2. Reporter Steve Guntli wrote: “SSA Marine, the developer behind the GPT project, has reached out to the Lummi Nation several times to negotiate.”

    It is my understanding that SSA (Exec. Skip Sahlin) wrote one letter which was dated January 30, 2015, and among other subjects in that letter, said, “Our door is always open and the GPT team looks forward to continuing to communicate with Lummi during the projects permitting and development process.”

    Except for that January 30 letter, SSA Marine did its reaching out to the public, not to the Lummi Nation, via the Bellingham Herald and SSA Marine’s mouthpieces like Northwest Jobs Alliance, trying to put forth the idea that the company was putting out invitations to the Lummi.

    SSA did this when it knows that the Lummi Nation is a sovereign nation, therefore the Nation deals government to government with the USACE, as is customary.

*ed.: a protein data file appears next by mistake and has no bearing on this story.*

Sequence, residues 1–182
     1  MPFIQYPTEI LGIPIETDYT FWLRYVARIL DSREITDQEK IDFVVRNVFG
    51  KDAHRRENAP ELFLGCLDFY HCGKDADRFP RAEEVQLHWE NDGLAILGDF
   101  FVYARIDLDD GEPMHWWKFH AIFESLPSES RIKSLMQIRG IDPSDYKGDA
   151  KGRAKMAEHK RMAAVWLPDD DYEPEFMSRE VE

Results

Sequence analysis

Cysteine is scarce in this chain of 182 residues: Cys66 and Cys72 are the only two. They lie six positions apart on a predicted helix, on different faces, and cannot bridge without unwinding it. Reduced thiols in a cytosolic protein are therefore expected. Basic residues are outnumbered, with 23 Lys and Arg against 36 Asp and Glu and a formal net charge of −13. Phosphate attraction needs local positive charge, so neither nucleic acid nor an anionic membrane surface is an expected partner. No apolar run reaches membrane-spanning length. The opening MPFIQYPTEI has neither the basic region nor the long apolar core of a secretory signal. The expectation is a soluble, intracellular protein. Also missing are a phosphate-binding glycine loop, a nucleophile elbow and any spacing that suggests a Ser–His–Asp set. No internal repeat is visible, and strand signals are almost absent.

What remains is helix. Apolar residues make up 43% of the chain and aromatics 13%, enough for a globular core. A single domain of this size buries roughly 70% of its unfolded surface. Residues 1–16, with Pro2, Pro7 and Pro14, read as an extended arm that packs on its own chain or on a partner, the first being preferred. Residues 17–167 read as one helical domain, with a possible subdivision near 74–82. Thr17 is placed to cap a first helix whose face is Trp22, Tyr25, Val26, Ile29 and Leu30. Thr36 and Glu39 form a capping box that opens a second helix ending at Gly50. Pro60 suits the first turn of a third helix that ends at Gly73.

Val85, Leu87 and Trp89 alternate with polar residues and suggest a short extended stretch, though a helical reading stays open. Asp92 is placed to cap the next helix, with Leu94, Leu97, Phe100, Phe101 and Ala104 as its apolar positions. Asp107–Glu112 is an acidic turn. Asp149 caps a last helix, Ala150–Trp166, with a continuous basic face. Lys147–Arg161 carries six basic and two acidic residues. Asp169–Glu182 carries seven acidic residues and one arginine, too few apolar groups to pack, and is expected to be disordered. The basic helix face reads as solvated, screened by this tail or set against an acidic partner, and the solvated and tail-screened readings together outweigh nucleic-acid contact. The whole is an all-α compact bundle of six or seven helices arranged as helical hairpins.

Also, there may need to be a correction to the article because it says: “Earlier this month, Crow chairman Darrin Old Coyote drafted a letter to the USACE encouraging negotiation between SSA Marine and the Lummi.” If the reporter is referring to the letter from the Crow Nation to the USACE that was reported in the media recently, that letter is dated January 20, 2015, so I do not believe it is correct to say that the letter was drafted earlier this month. Details matter.

    I am going to apologize for the bluntness of my next statement, but I believe it needs to be said, as it is a reality. The level of reporting by the Northern Light on the issues surrounding the Lummi Nation’s January 5 request to the Corps and the events that have followed has been sub-par. The January 22 article written by Guntli relating to the Jan. 5 letter was more like a book report on the press release sent to media from SSA Marine.

    I’m sure that Mr. Guntli has it in him to do a better job of getting more detailed and more correct information on these issues out to the public. We deserve it.